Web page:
Smith to be honored at civic fundraiser
by Ed Wendell
Aug 27, 2014 | 3333 views | 0 0 comments | 54 54 recommendations | email to a friend | print
Allan Smith grew up in Woodhaven, living on a dead end street just off of Forest Parkway not very far from where he lives now. He walked just a few blocks every day to his school at PS 97 and he sailed model boats in Forest Park.

And like all the other children of that era, he took many a ride on the original Forest Park Carousel.

As a young man, Smith studied architecture at Syracuse University and went on to work at a large firm in Manhattan, where he also lived for many years. But life brought him back home where his interest in local history flourished, particularly Woodhaven’s rich and interesting history.

It is for his work promoting and preserving our community’s history that Smith will be honored as Woodhaven's Man of the Year on October 10 at Roma View by the Woodhaven Residents’ Block Association.

Smith is a director with both the Woodhaven Cultural & Historical and Queens Historical Societies, and he is also a published author, co-writing “Cypress Hills Cemetery” for Arcadia Publishing.

Smith is also playing, once again, a crucial role in the restoration of the colonial-era Wyckoff-Snedicker Family Cemetery that sits behind All Saints Church (formerly St. Matthew’s) on 96th Street, just north of Jamaica Avenue.

Smith’s personal history with the cemetery goes all the way back to his childhood. “When I went to Sunday school at St. Matthew’s the windows would be open overlooking the land. I knew it was a cemetery but I never went back there because it wasn’t the church’s property at the time.”

The cemetery has had a long, sad history of neglect, something Smith has been a witness to over the years. “Even back then it was badly overgrown,” he recalls. “If it weren’t for the larger monuments, you wouldn’t have known what it was because you couldn’t even see the smaller stones.”

Despite the fact that the Leader/Observer ran editorials in the 1930s critical of the city for the condition of the cemetery, many local residents were under the mistaken impression that the graveyard belonged to the church.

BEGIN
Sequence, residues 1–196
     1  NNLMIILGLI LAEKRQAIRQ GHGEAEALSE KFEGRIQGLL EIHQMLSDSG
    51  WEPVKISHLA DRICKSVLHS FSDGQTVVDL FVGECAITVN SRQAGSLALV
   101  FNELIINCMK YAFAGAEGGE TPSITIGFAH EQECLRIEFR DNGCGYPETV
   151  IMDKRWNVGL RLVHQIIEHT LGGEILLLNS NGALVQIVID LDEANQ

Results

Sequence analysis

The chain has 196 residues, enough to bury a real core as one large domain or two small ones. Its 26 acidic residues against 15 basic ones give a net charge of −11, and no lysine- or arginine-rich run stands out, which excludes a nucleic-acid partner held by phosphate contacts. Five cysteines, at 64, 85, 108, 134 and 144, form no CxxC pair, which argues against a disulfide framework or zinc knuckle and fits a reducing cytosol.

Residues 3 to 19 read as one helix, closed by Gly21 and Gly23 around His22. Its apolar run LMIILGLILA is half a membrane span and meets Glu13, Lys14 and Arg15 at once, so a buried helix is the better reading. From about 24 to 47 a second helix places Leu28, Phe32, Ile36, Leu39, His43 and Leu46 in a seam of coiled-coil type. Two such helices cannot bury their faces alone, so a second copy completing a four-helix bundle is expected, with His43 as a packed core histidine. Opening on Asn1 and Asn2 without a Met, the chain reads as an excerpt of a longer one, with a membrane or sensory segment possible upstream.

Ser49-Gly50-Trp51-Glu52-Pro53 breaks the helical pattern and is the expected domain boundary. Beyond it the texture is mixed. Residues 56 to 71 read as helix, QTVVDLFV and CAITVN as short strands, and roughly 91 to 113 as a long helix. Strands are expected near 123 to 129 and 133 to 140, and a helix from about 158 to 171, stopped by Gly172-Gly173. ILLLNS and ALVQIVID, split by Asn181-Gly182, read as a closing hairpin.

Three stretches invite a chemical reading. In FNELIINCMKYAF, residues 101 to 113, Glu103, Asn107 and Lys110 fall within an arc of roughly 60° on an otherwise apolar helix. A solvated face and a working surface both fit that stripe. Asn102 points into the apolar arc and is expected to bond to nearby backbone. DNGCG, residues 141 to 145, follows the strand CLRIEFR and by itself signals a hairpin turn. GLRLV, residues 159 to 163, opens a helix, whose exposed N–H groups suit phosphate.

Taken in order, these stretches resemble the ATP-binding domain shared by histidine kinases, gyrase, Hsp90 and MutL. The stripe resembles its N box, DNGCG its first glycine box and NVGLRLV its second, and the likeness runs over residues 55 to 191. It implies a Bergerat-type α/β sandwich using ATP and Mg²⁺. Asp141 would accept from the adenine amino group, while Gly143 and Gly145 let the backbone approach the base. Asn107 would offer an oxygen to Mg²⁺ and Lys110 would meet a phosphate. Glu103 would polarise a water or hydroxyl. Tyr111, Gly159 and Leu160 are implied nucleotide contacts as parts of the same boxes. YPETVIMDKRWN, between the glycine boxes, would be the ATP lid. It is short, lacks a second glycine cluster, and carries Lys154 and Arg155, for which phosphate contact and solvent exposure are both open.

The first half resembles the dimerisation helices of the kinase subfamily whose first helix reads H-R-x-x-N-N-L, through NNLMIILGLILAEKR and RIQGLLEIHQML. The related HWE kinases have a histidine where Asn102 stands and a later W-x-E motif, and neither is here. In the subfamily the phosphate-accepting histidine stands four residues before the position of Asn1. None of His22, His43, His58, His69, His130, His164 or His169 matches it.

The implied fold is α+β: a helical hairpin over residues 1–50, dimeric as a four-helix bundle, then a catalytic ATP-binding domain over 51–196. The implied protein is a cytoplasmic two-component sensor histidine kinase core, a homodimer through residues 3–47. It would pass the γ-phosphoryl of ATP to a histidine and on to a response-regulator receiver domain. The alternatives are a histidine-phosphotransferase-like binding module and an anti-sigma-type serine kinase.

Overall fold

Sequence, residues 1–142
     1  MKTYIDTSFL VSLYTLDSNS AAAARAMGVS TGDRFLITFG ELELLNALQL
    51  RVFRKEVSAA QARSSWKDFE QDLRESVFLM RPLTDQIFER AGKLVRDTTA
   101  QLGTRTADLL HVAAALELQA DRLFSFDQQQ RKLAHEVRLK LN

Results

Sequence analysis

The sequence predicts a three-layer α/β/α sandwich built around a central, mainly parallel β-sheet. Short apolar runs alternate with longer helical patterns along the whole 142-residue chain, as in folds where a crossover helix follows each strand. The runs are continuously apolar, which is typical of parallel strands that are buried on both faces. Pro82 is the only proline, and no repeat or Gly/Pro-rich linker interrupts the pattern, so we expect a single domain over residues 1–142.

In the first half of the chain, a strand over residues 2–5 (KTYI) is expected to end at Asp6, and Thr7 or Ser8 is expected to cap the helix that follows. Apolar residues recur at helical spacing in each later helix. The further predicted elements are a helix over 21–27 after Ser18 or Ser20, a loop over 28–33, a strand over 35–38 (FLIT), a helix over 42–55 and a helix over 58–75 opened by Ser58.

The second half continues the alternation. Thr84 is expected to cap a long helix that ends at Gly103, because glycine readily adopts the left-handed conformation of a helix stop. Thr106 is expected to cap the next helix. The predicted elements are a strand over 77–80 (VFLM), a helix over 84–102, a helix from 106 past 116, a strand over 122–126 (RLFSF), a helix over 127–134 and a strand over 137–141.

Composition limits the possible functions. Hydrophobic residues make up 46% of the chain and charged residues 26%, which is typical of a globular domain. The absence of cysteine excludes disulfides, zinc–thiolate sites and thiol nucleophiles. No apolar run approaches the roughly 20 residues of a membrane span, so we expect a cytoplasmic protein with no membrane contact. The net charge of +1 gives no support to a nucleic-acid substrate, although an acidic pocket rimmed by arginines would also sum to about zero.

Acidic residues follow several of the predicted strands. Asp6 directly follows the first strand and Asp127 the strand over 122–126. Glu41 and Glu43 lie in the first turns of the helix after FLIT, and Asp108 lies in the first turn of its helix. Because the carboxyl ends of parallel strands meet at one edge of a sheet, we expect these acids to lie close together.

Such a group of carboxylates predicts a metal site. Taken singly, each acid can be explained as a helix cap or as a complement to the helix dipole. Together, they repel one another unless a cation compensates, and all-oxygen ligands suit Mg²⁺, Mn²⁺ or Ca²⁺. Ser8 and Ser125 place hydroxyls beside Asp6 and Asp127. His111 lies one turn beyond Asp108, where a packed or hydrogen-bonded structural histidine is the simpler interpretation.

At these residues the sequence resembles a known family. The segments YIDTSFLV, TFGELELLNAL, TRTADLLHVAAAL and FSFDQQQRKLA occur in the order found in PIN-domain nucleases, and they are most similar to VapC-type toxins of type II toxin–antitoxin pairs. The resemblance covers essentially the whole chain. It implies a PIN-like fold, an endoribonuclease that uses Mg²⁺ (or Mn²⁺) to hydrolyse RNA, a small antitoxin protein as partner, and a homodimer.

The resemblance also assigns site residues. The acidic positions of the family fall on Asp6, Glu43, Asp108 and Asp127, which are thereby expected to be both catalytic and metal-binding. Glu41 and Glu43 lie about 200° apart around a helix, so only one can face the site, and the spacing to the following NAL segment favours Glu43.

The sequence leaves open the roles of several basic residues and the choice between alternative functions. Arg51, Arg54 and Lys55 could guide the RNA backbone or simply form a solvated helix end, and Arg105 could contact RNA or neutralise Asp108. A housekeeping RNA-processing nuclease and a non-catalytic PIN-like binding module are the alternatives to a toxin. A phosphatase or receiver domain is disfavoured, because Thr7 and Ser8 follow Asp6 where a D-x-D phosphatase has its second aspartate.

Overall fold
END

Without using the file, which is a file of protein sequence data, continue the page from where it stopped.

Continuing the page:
“That didn’t make too much sense, if you really think about it,” Smith says. “The names on all the stones are Dutch. St. Matthew’s was an Anglican church.”

The city auctioned off the land in the 1960s and St. Matthew’s purchased it for $600. Since then, the cemetery has had its ups and downs, enjoying a brief revival when it was restored back in the late 1990’s.

Smith was a crucial part of that restoration, but within the past decade it was badly neglected again and when St. Matthew’s closed in 2011, the future of the cemetery looked bleak.

But today, the story of Wyckoff-Snedicker Family Cemetery is a much more optimistic one. The pastor of All Saints Church, the Rev. Dr. Norman Whitmire Jr., sees the cemetery as an asset instead of a burden and he has sought out and welcomed a partnership with community groups.

And the students of St. Thomas the Apostle’s Woodhaven History Club, led by teacher Patti Eggers, have been using the restoration of this cemetery as both a community beautification and an educational project. This past week, a second school has expressed interest in joining up and we hope more will follow.

“This is wonderful,” Smith says. “It’s great because we want to teach these young people that this is our history and their history. And after we pass on we hope they will carry it forward to the future generations.”

“The kids really enjoy working with Allan,” Eggers says of her students. “He’s so very knowledgeable and we appreciate how generous he is with his time. He really has a way of bringing it alive for the kids. He is a real treasure to our community.”

And it is for that lifetime of promoting Woodhaven’s history that we are grateful to Smith and look forward to seeing him honored as Man of the Year. Tickets to the October 10th fundraiser can be purchased online at or, or you can call the Woodhaven Residents’ Block Association at (718) 296-3735.

Comments-icon Post a Comment
No Comments Yet